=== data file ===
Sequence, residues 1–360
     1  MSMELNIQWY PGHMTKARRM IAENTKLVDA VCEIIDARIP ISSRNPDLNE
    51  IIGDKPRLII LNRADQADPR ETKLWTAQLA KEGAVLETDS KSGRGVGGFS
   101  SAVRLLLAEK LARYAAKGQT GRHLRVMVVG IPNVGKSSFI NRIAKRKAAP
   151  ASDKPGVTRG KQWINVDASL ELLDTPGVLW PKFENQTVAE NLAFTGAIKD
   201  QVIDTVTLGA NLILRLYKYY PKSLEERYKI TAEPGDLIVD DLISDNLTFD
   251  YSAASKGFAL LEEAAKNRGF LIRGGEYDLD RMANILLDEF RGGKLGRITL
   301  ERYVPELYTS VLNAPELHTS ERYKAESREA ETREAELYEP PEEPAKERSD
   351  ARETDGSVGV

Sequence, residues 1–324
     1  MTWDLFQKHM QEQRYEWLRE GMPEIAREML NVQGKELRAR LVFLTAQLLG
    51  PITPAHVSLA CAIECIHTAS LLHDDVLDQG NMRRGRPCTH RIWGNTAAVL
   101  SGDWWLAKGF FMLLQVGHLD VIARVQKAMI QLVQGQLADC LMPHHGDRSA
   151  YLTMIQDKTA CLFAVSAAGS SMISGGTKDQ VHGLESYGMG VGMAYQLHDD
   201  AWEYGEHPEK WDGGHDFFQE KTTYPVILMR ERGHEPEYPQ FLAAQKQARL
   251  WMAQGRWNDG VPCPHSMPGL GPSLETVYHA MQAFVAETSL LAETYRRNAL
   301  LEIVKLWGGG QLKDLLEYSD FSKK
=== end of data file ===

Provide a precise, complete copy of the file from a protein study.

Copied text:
Sequence, residues 1–360
     1  MSMELNIQWY PGHMTKARRM IAENTKLVDA VCEIIDARIP ISSRNPDLNE
    51  IIGDKPRLII LNRADQADPR ETKLWTAQLA KEGAVLETDS KSGRGVGGFS
   101  SAVRLLLAEK LARYAAKGQT GRHLRVMVVG IPNVGKSSFI NRIAKRKAAP
   151  ASDKPGVTRG KQWINVDASL ELLDTPGVLW PKFENQTVAE NLAFTGAIKD
   201  QVIDTVTLGA NLILRLYKYY PKSLEERYKI TAEPGDLIVD DLISDNLTFD
   251  YSAASKGFAL LEEAAKNRGF LIRGGEYDLD RMANILLDEF RGGKLGRITL
   301  ERYVPELYTS VLNAPELHTS ERYKAESREA ETREAELYEP PEEPAKERSD
   351  ARETDGSVGV

Sequence, residues 1–324
     1  MTWDLFQKHM QEQRYEWLRE GMPEIAREML NVQGKELRAR LVFLTAQLLG
    51  PITPAHVSLA CAIECIHTAS LLHDDVLDQG NMRRGRPCTH RIWGNTAAVL
   101  SGDWWLAKGF FMLLQVGHLD VIARVQKAMI QLVQGQLADC LMPHHGDRSA
   151  YLTMIQDKTA CLFAVSAAGS SMISGGTKDQ VHGLESYGMG VGMAYQLHDD
   201  AWEYGEHPEK WDGGHDFFQE KTTYPVILMR ERGHEPEYPQ FLAAQKQARL
   251  WMAQGRWNDG VPCPHSMPGL GPSLETVYHA MQAFVAETSL LAETYRRNAL
   301  LEIVKLWGGG QLKDLLEYSD FSKK